The Vulcan 400C and 600C were the company’s “final frontier” on the Super-Vulcan hammers. It invested a considerable amount of resources in the engineering of these products, both offshore and (in the case of the 400C) onshore.
Promotion wasn’t lacking in the specifications either, as can be seen below.
Yet the fact remains that only one 400C (and no 600C’s) were ever built. Why was this so?
For the onshore hammer, demand for hammers this large onshore only came on Vulcan’s “radar screen” in the mid- and late 1960’s, and by that time the offshore market was dominating Vulcan’s activity. There was also the persistent “blow rate” controversy.
For offshore, on paper a differential acting hammer made perfect sense. Hourly barge rates were (and are) high; the more rapidly the work got done, the better. This probably inspired McDermott to purchase the several 140C hammers that it did. And the length of the piles was the last nail in the coffin for pile driving formulae; the wave equation and pile driving analysers were taking over. The energy into the pile could be monitored, as noted in Pile Installation by Pile Driving.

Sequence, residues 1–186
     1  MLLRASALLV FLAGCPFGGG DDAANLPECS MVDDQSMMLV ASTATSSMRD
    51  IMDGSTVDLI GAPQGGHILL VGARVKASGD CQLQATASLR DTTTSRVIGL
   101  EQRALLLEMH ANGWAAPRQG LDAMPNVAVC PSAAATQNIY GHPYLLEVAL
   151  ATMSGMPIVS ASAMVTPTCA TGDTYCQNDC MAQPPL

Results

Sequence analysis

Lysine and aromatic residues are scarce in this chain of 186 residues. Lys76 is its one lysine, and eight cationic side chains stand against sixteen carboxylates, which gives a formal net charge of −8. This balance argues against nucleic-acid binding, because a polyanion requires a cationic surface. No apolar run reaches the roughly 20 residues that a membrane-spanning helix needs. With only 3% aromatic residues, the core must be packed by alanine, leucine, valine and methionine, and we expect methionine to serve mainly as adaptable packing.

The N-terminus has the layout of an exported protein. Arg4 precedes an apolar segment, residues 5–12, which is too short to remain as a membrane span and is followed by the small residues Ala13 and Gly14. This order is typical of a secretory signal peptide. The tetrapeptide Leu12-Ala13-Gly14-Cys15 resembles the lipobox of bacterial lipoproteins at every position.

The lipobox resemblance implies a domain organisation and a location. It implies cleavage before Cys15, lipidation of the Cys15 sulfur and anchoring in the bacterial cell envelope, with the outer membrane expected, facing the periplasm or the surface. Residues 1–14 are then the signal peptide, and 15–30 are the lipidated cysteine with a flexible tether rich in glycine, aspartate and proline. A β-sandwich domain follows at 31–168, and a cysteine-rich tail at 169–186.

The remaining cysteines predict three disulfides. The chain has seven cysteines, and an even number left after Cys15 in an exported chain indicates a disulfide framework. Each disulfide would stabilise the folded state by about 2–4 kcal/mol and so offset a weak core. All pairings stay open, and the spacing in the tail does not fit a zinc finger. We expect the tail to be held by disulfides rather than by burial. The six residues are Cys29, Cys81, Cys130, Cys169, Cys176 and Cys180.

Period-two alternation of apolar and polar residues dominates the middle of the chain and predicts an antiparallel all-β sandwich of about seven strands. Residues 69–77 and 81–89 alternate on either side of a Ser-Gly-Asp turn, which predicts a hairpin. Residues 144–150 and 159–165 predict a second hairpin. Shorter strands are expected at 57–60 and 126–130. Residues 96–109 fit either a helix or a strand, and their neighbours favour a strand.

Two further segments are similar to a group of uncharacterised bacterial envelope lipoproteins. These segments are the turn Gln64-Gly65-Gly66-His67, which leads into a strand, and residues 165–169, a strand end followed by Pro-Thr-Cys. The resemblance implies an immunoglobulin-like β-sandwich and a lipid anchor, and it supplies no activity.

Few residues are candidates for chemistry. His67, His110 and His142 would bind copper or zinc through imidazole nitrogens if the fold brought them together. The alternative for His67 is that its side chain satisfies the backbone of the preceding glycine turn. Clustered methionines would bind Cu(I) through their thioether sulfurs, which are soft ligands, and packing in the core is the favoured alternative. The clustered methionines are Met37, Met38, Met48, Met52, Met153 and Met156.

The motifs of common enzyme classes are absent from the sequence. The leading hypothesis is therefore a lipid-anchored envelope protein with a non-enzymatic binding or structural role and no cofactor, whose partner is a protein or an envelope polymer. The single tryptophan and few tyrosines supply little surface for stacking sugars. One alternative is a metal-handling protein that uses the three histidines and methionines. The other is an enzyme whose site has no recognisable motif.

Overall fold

However, there were other issues. In some cases the pile rebound timed itself to return with the next blow, resulting in the “dancing on the pile” issue Vulcan ran into sometimes with the smaller Super-Vulcan hammers. Beyond that, the air or steam consumption of these hammers was considerable. The 600C, for example, used the same boiler size as the 560 with 40% less striking energy. To penetrate a hard layer, the additional energy was worth more than the higher blow rate. That could have been compensated for by designing a Super-Vulcan hammer with a 5′ equivalent stroke, but Vulcan never tried to present this to its customers.
It’s yet another “what-if” situation that Vulcan faced in its long history.